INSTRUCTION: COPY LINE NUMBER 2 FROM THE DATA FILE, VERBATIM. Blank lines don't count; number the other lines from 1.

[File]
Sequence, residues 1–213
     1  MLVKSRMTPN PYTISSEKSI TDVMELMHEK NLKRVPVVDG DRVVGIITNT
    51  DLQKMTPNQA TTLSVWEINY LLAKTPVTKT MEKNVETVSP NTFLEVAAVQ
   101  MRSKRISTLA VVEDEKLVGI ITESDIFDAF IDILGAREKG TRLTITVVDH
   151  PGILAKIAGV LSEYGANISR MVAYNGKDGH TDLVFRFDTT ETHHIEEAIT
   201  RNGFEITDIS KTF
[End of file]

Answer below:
     1  MLVKSRMTPN PYTISSEKSI TDVMELMHEK NLKRVPVVDG DRVVGIITNT